FST's Hand to God Tackles Serious Stuff Through Wild Comedy

Robert Askins' play uses puppets and profanity to talk about death, religion, guilt and more.

By Kay Kipling January 21, 2019

Tom Patterson and Harrison Bryan in FST's Hand to God.

If seeing, hearing or reading about the musical Avenue Q didn’t convince you that puppets are not just cute, lovable or educational creations devised by well-meaning artists, Robert Askins’ Hand to God, now onstage in Florida Studio Theatre’s Stage III season at its Bowne’s Lab Theatre, should do the trick.

Askins’ main puppet here is Tyrone, and he sets up the show for us from a puppet stage, giving us his view of the history of humanity and touching on the play of the devil before moving aside to make room for the humans here. Those humans include troubled teen Jason (Harrison Bryan, who also voices and manipulates Tyrone), his widowed mother Margery (Brenny Rabine), the girl he has a crush on, Jessica (Jessica Mosher), the pastor of their church (Drew Hirshfield) and another teen, Timmy (Tom Patterson), who has an alcoholic mother and inappropriate longings for Margery.

They’re all brought together in the basement of a church in the small town of Cypress, Texas, where Pastor Greg has asked Margery to take charge of a puppet program, partly to give her something to take her mind off her husband’s death and partly because, well, puppet ministries are a real thing. The program isn’t going too well, though; and sweet-natured Jason soon begins acting out his real, secret feelings through that green, bug-eyed, foul-mouthed creature at the end of his arm.

Harrison Bryan and Brenny Rabine

Jason actually frightens himself with some of the things the evil-appearing Tyrone says and does, so much so that he rips the guy apart. But, in the throes of her own grief, his mother can’t fully understand what Jason’s dealing with. Things go from bad to worse when Pastor Greg also reveals his attraction to her. She’s conflicted, all right.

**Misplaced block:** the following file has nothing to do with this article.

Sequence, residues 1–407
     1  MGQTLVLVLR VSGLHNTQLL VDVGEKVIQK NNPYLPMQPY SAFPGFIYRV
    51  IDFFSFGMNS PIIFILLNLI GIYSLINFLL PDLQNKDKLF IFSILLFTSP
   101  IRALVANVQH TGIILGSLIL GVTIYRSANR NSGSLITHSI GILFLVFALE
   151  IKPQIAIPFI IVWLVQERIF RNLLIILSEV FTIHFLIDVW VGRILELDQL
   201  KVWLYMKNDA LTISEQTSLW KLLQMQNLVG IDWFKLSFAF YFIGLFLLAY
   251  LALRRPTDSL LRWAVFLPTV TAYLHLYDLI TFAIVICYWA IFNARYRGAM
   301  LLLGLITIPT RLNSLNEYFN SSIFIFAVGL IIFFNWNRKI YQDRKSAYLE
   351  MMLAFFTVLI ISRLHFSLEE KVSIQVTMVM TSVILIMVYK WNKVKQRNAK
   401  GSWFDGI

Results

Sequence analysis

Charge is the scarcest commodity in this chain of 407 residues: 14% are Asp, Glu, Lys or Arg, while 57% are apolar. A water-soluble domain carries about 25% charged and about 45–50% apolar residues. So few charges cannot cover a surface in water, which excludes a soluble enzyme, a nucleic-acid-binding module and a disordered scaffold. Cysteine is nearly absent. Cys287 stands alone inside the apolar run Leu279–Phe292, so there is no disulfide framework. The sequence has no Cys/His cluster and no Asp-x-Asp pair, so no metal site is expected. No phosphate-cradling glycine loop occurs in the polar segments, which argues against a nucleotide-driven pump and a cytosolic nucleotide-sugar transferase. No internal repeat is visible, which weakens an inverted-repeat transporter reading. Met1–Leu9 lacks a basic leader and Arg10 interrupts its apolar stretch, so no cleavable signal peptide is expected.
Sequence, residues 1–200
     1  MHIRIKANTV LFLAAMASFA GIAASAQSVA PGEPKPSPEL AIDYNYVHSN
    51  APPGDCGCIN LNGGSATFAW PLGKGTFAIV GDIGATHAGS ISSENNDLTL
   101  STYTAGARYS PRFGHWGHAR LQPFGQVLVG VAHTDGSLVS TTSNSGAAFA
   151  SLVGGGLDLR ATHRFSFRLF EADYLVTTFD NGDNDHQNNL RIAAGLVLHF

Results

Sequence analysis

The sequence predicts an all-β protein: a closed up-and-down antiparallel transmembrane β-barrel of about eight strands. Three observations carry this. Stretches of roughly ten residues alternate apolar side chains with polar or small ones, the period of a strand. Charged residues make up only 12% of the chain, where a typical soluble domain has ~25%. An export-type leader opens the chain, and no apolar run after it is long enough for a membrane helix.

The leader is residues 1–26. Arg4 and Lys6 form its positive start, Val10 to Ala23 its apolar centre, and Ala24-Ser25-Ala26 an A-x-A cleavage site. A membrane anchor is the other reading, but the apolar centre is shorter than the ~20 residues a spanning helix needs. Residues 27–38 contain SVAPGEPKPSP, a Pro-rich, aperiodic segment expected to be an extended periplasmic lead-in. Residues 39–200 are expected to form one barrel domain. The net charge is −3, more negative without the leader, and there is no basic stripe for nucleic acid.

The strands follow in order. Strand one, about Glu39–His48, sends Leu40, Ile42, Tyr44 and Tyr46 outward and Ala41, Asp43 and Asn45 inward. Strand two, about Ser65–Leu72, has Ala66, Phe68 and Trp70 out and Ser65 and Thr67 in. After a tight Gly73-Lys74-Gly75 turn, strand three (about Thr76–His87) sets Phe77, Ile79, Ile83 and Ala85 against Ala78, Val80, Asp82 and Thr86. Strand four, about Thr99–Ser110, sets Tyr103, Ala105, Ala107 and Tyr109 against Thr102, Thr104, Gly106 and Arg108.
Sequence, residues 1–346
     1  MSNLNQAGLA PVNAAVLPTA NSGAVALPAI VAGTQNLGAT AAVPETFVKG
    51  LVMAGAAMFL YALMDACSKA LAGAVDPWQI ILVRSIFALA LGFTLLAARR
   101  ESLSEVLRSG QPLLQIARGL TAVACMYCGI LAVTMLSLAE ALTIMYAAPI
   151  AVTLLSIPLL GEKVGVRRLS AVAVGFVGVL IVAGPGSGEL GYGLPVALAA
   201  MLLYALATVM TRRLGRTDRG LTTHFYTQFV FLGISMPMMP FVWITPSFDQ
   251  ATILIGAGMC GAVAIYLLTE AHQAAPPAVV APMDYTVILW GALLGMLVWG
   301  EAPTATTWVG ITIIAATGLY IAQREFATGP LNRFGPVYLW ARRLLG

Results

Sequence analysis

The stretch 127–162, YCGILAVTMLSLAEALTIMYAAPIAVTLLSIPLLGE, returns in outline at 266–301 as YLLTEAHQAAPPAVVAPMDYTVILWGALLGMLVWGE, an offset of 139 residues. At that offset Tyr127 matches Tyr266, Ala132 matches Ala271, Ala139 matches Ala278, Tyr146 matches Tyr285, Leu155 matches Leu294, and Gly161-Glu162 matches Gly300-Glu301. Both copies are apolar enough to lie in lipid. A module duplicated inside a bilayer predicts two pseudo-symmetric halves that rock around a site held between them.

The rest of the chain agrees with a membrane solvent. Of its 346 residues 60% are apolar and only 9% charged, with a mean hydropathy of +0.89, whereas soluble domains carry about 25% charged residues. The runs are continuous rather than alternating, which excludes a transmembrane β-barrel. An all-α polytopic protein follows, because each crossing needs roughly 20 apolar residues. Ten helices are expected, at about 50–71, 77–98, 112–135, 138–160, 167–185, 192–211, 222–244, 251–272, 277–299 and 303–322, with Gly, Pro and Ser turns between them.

Jessica seems the most likely to help Jason with his Tyrone issue, although the way she goes about it—involving a female puppet with breasts and a raunchy scene of simulated puppet sex (yep, they go there)—may not be in any counseling handbook. It’s better than what Jason’s getting from the adults, though.

Sex, violence, profanity—you name it, it’s in Hand to God. But there actually is also a sense of truth here; otherwise it’s unlikely the piece would have received critical praise and Tony nominations back in 2015, including one for Best New Play. These people are suffering (Jessica less so than the others) and they are in need of help. But they also need to realize they must ask for it.

Tom Patterson and Drew Hirshfield

Under the direction of Jason Cannon, the cast handles the often outrageous and even bloody comedy of Hand to God with energy and a lot of flair. But, especially in the case of Bryan and Rabine, they also make us care about their characters. Bryan’s skill at switching back and forth between Jason and Tyrone, vocally, physical and emotionally, is impressive; he must be worn out by the end of each performance. And Rabine conveys Margery’s confusion and guilt while at the same time being very funny, especially in her sex scenes with Timmy.

Hand to God won’t be for everyone, for sure.  But if you’re ready for Askins’ very different approach to visiting a grieving family through some flat-out comedy, the show continues through Feb. 8. For tickets call 366-9000 or go to









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